Pulley Systems

Rescue Response Team CASE FILE N.013-A Plan takes Action

Two boys exploring a cave and one falls in. Our heros respond and deploy rope rescue gear and rescue techniques to successfully lower a medic to attend to the injured boy. They then raise the boy up out of the cave and transport him to an ambulance.  Now whether this is or isn’t what a …

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3 New Rescue Solutions from PMI

PMI is proud to announce three all-new Rescue Solutions for co-worker rescue!  Built around the winning combination of PMI Extreme Pro™ rope with UniCore® technology and the PMI/ISC D4 Descent Control Device, these three rescue solutions offer simple and compliant answers to some pretty difficult industrial rescue scenarios. A few years ago, we filmed (on location) …

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Horizontal Systems and the Gear Used Part 1

Hey All! I wanted to drop in some thoughts about the equipment used when rigging highlines and other horizontal systems for the purposes of work and rescue. Your anchors are the key… the greater the angle between two anchor points, the greater the stress will be on those anchors. It must be the goal of …

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Arizona Vortex Workshop Highlights… Coming Soon To Video.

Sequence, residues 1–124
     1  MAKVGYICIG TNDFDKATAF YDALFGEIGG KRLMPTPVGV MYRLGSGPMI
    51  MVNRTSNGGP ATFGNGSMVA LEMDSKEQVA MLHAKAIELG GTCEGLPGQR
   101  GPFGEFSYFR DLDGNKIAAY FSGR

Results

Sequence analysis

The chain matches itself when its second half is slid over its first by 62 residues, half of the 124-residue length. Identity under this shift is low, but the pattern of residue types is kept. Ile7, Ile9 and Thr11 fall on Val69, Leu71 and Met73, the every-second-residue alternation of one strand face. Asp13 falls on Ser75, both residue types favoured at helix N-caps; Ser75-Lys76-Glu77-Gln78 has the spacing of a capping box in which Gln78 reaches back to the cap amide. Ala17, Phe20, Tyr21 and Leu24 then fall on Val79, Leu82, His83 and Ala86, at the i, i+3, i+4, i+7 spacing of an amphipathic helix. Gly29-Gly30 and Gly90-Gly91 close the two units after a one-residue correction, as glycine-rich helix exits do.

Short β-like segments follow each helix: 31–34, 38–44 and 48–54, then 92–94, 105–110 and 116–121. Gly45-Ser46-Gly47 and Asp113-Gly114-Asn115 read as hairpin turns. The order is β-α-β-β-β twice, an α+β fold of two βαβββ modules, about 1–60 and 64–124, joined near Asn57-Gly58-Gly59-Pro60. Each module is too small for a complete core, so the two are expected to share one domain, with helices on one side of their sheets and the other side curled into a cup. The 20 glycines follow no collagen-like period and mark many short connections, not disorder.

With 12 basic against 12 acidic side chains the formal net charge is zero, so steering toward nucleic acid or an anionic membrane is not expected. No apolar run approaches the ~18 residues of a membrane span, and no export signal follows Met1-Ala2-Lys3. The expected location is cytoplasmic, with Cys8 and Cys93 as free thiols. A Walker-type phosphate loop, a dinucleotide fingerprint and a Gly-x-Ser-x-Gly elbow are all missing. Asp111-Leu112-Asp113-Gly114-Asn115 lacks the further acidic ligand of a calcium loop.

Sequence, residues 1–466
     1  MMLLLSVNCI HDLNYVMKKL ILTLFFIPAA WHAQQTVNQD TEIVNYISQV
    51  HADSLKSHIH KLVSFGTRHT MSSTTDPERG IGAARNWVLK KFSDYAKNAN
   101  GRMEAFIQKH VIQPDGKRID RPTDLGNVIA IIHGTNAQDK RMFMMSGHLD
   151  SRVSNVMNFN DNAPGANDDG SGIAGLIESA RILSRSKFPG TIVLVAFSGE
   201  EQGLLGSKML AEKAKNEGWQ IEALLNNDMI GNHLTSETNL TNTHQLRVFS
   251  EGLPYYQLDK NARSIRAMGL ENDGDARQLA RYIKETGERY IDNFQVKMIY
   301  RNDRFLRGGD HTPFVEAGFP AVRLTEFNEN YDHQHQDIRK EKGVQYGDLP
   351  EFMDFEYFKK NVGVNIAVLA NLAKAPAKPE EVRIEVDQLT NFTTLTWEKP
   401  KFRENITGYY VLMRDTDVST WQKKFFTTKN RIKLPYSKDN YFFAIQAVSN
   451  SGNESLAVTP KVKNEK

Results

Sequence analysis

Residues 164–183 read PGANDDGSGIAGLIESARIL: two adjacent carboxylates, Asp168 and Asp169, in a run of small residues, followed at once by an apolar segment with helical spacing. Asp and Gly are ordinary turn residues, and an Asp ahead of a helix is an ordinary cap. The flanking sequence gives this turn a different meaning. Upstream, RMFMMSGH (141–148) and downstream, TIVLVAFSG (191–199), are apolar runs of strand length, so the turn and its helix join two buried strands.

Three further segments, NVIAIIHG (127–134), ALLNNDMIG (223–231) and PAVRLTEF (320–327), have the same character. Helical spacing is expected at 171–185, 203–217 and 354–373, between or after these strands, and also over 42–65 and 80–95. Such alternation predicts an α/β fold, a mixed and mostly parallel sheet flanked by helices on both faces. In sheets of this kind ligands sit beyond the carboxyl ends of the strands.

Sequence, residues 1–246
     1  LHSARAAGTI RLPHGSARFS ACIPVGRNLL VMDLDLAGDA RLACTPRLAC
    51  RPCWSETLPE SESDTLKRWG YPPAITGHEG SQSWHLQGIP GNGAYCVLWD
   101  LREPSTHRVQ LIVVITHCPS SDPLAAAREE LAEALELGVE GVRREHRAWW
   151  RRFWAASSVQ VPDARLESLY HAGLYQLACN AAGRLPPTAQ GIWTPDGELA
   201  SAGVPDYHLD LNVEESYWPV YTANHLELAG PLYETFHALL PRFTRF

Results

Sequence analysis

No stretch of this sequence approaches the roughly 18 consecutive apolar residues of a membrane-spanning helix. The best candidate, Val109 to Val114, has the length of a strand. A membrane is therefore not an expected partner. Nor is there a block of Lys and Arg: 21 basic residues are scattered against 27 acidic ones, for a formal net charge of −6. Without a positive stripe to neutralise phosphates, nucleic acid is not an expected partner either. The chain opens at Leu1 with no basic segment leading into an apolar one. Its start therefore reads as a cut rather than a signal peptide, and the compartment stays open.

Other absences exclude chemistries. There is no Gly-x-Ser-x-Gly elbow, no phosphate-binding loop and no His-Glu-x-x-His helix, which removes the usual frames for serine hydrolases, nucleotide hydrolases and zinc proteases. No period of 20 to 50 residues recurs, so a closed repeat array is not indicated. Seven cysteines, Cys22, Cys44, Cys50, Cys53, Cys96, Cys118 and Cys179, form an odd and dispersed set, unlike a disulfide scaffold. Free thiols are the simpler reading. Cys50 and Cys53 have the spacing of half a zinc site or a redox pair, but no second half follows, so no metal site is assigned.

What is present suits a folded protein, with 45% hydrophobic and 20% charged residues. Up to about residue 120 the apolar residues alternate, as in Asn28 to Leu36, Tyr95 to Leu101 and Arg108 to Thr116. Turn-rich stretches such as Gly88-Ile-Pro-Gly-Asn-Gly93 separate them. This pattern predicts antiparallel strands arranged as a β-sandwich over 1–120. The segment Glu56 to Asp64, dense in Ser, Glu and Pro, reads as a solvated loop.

Arizona Vortex Workshop Highlights… Coming Soon To Video. Rescue Response Gear, in concert with Rigging Lab Academy, is in the process of building a  Arizona Vortex AHD video workshop. This quick clip visually describes an overview of a course we film a few years ago. The covered Easel A Frames with litter scoops using …

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Determining Mechanical Advantage using the T-Method with an added Pulley on the Load

Calculating mechanical advantage: the T-system The subtle but significant difference to this system… a pulley on the load and the main line terminated at head of the tripod. We have a 6:1 mechanical advantage in the pulley system. 1. Assume continuous strands of rope have the same amount of tension. If we start at the …

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Mechanical Advantage Using the T-Method with a Horizontal System

Calculating mechanical advantage: the T-system 1. Assume continuous strands of rope have the same amount of tension. If we start at the point where effort is applied and assume that we apply one unit of tension (1T) then we can assume that the tension along this single strand of rope will be the same throughout. …

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T Method Applied To Mechanical Advantage Systems Using Rope Grabs

T Method Applied To Mechanical Advantage Systems Using Rope Grabs. Calculating mechanical advantage: the T-system 1. Assume continuous strands of rope have the same amount of tension. If we start at the point where effort is applied and assume that we apply one unit of tension (1T) then we can assume that the tension along …

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